This is much on my mind because I have learned that the recommendation will be made to our next Presbyterian General Assembly that all of us Presbyterians be called to encourage disarmament by withholding taxes used for defense, by removing R.O.T.C. programs from Presbyterian campuses, by refusing to cooperate with military services, by refusing to certify the military chaplaincy as an acceptable ministry, and by engaging in massive civil disobedience. The reason I so dearly love the Presbyterian Church is that the church cannot bind the individual conscience. My conscience leads me to oppose any such recommendation. But that is not the real issue. The real issue is that that kind of recommendation is just another example of trying to impose human solutions on the problems of our world. According to the Gospel of Jeremiah and the Gospel of Jesus that never works. To put our trust in things human—be it people or organizations or ideas or nations—is to court disaster.

Therefore I ask: Why isn’t there a recommendation to the General Assembly calling all of us as Presbyterians to daily pray for peace—asking God to intervene in the affairs of nations to bring about mutual disarmament? Why isn’t there an understanding in the church that peace on earth is a pipe dream until we address the issue of changing human hearts? Why isn’t there a renewed emphasis in the church for world mission, which in fact, has done more to promote peace in the world than any other approach in history? Why isn’t there a realization that all meaningful and lasting social change in history has flowed directly out of times of spiritual awakening and revival? Why isn’t there an understanding that, in the superpower conflict today, we are dealing with a godless political philosophy which in the last forty years has so engaged in the systematic slaughter of men, women and children that Hitler’s holocaust pales by comparison—and therefore the answer is not massive civil disobedience here, but a massive evangelistic effort aimed precisely at those places where people are oppressed in this land or in any other? The Bible says: “Where the spirit of the Lord is, there is freedom.”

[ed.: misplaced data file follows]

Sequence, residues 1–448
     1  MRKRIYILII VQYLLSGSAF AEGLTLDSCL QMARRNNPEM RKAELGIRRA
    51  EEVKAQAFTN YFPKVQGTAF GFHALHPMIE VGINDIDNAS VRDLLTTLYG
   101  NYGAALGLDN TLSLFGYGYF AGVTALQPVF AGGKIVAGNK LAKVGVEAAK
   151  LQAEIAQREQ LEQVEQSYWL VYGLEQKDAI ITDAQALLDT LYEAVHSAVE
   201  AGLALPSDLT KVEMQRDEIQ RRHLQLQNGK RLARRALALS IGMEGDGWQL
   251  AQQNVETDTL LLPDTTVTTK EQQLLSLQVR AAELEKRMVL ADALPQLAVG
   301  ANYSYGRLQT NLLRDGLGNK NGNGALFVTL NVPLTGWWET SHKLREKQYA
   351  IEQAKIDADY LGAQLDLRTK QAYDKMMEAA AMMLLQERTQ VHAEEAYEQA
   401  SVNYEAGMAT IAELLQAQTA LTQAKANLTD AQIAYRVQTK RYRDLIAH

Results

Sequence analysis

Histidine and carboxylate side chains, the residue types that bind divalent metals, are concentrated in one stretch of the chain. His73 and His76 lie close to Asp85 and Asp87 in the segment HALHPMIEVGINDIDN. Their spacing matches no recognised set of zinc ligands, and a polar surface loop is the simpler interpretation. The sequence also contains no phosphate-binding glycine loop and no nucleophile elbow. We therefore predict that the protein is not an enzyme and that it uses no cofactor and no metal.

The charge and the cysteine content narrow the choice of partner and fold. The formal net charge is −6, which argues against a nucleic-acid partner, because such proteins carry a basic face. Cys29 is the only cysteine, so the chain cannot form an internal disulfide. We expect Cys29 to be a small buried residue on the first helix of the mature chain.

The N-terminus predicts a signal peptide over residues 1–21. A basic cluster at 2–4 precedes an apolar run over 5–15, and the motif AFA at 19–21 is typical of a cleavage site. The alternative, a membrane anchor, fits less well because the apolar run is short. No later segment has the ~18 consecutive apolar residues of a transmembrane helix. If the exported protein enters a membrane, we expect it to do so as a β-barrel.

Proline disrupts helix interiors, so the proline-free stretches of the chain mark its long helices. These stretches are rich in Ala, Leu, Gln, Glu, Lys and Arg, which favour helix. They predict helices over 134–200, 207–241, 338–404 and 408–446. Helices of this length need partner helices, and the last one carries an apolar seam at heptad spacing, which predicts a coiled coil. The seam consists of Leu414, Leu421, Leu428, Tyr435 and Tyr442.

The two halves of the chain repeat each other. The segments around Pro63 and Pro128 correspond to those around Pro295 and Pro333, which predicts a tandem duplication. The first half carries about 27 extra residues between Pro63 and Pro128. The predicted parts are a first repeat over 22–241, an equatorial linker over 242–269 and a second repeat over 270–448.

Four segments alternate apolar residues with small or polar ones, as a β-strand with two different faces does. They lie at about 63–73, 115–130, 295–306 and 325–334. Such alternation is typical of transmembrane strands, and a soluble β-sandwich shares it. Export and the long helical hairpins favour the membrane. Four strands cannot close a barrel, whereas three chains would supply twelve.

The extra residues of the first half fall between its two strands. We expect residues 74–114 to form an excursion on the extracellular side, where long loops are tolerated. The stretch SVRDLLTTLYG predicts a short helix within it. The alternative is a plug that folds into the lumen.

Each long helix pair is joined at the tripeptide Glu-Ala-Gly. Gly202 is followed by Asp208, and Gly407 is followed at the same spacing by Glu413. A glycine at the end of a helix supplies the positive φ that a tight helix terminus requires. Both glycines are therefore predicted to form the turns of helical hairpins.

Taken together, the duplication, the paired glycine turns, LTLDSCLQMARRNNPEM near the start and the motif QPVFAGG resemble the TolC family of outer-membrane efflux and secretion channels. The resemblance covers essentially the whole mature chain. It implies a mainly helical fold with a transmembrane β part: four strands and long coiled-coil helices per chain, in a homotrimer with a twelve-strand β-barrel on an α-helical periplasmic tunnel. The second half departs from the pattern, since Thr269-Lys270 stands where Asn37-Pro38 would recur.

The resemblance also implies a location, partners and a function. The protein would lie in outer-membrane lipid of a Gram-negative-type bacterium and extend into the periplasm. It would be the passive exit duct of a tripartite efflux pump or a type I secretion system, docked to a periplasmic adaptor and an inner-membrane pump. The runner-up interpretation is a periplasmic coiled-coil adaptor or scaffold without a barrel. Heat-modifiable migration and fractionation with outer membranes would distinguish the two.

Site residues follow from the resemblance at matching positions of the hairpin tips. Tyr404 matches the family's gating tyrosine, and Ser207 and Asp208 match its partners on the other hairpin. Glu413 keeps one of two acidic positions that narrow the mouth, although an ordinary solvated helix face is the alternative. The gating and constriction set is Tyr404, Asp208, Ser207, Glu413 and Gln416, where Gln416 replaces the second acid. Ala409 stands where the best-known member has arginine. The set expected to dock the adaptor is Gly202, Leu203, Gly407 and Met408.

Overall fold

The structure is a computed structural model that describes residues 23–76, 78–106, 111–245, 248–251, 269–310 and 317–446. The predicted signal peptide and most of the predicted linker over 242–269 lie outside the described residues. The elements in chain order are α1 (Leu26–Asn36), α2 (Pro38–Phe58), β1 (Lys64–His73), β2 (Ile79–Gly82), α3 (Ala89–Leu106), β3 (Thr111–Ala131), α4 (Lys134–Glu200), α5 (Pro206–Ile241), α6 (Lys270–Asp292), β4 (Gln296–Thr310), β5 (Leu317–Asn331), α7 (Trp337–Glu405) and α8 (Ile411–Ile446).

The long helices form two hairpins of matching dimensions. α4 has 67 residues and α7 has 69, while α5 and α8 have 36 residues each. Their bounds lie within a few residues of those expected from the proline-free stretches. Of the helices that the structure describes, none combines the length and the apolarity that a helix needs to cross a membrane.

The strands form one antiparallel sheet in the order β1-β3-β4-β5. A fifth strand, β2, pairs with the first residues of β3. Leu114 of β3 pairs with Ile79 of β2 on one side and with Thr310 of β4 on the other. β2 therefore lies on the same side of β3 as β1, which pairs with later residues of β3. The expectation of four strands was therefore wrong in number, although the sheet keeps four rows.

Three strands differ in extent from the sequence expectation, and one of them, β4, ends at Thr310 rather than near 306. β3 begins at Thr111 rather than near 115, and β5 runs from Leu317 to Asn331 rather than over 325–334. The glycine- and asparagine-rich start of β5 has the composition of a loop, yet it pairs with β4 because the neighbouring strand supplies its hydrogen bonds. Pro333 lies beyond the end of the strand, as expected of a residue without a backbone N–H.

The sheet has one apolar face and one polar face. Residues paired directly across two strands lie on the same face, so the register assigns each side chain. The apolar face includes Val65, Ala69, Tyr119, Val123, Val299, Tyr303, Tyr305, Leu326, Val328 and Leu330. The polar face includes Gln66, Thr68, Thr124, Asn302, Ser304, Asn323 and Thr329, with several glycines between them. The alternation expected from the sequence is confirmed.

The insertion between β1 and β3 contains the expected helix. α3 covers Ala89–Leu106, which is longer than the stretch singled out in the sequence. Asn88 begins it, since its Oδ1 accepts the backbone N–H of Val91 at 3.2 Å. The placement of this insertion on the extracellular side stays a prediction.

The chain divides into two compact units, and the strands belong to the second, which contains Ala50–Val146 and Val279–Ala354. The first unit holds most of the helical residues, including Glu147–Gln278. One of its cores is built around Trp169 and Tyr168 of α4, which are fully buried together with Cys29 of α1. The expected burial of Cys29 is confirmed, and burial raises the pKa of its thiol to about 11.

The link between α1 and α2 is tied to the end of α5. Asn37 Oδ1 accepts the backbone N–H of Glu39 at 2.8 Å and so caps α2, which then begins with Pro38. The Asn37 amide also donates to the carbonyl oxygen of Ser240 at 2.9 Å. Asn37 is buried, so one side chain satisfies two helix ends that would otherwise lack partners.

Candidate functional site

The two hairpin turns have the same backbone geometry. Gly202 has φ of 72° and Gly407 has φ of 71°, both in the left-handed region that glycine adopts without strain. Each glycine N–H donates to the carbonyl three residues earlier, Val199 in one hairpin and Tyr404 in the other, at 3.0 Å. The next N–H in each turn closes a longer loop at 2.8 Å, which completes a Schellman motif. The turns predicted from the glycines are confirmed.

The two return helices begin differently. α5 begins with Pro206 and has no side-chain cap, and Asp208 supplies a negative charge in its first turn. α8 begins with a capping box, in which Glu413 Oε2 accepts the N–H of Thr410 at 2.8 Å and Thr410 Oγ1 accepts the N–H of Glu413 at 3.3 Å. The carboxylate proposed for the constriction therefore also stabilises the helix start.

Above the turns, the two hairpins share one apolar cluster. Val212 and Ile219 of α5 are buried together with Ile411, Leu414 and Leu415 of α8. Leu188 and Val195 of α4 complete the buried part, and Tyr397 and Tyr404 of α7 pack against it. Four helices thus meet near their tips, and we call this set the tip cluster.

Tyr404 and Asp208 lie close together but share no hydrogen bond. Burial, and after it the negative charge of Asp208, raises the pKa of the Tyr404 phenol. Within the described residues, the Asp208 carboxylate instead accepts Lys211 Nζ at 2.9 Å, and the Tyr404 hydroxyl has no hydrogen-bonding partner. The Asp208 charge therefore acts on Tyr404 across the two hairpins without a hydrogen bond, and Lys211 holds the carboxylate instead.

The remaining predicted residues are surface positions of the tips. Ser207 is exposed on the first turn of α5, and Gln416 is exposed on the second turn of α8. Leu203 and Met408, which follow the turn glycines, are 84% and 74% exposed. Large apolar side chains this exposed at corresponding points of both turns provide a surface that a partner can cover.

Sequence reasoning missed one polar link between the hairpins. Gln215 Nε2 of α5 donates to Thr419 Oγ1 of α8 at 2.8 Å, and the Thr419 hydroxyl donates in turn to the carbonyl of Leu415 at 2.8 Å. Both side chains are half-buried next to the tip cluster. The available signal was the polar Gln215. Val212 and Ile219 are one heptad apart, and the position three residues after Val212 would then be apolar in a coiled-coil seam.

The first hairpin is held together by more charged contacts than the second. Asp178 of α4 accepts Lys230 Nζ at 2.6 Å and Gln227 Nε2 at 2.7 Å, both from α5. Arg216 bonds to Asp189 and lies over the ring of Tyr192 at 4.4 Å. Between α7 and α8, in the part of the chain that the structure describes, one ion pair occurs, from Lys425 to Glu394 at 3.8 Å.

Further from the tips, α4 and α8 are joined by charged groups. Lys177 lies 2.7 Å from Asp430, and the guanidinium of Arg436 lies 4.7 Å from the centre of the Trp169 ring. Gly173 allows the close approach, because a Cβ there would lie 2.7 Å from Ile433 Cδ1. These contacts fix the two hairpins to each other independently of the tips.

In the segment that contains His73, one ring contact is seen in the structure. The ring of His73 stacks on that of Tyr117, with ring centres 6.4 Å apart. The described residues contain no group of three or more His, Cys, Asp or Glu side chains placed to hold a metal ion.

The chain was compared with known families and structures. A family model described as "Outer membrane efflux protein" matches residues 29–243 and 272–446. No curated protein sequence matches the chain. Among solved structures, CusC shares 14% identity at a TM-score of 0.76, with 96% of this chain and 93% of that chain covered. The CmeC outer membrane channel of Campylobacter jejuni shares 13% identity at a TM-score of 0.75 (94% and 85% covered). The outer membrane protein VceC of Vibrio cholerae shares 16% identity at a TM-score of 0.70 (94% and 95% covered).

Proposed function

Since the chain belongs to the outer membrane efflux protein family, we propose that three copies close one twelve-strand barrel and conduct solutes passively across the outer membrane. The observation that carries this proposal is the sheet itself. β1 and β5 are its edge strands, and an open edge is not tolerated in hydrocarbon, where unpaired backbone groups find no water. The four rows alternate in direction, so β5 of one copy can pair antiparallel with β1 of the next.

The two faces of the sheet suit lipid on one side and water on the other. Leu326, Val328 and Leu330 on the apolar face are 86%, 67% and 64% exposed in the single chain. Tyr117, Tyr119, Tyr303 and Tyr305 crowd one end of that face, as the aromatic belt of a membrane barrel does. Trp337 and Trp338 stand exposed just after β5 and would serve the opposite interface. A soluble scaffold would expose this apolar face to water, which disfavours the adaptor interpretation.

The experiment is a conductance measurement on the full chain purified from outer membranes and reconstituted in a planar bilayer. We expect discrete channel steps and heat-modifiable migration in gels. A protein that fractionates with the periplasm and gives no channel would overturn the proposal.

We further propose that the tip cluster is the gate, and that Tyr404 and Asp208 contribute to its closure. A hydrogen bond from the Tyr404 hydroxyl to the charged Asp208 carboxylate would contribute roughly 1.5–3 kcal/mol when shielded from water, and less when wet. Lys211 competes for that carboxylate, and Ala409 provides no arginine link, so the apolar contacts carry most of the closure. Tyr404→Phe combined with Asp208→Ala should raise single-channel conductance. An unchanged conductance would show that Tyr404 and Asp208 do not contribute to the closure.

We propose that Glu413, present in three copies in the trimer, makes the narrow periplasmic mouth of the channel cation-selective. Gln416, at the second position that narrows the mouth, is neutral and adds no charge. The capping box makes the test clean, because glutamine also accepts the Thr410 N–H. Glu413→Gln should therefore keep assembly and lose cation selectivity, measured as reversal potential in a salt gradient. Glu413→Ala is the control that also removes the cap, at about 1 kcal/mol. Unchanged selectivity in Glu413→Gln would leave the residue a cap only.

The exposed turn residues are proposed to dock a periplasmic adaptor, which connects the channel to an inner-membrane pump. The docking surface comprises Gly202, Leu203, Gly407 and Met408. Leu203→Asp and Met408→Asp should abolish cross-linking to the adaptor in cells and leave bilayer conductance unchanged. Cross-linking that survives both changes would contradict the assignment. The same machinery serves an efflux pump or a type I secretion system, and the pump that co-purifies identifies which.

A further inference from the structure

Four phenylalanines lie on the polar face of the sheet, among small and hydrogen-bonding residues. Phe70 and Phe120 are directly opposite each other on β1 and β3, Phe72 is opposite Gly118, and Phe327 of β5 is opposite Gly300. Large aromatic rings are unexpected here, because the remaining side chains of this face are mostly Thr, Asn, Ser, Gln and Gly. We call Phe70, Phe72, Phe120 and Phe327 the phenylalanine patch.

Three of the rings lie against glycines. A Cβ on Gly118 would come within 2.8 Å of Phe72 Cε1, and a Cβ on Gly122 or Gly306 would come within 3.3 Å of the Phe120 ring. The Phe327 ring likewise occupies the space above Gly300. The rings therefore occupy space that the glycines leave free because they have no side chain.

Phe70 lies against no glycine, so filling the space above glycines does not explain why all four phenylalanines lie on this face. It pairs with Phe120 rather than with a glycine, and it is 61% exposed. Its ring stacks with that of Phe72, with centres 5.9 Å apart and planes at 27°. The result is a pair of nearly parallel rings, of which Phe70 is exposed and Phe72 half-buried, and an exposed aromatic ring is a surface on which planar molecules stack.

Our human efforts are not enough. Mankind has written some beautiful pages in the historical record, yes, but some tragic, ugly chapters as well. So I stand with the prophet Jeremiah who said: “Cursed is the man who trusts in man, who makes flesh his arm.” “The arm of flesh will fail you.” A heart focused horizontally is the seed of defeat in life. That’s the first thing I learned from the man who was most like Jesus.

The second thing is this: A heart focused vertically is the key to victory in life.

That great old hymn of the church also has those words: “Stand up, stand up for Jesus, stand in His strength alone.” Jeremiah phrases it this way: “Blessed are those who trust in the Lord. They are like trees planted by water that send out their roots to the stream and do not fear when the heat comes for the leaves remain green and they bring forth much fruit.” Jeremiah is calling us to focus our hearts vertically. He is calling us to place our ultimate dependence in life upon God. “Stand in His strength alone.”

Five hundred years later, Jesus not only called us to focus our hearts vertically, He showed us how to do it. If you study the life of Jesus carefully, you discover that the center of His living and His dying and His rising was His focus upon His Heavenly Father. That is why the very first word we hear from Jesus is: “Did you not know that I must be in my Father’s house?” And the very last word we hear Him speak in this incarnate life before He was raised to glory—the very last word is: “Father, into Thy hands I commend my spirit.” At the beginning, “Father,” at the end, “Father.” Jesus’ focus upon God was the great driving, compelling love of His life. His focus upon God injected peace into the dry veins of His obedience. His focus upon God so filled His days with meaning and purpose that they became something beautiful to behold. It was His focus upon God that gave the deepest colors to the flower of His faith. That was the key to Jesus’ triumphant, victorious life. He knew that God always wins in life—and, therefore, the people who have focused their hearts and lives upon God win, too.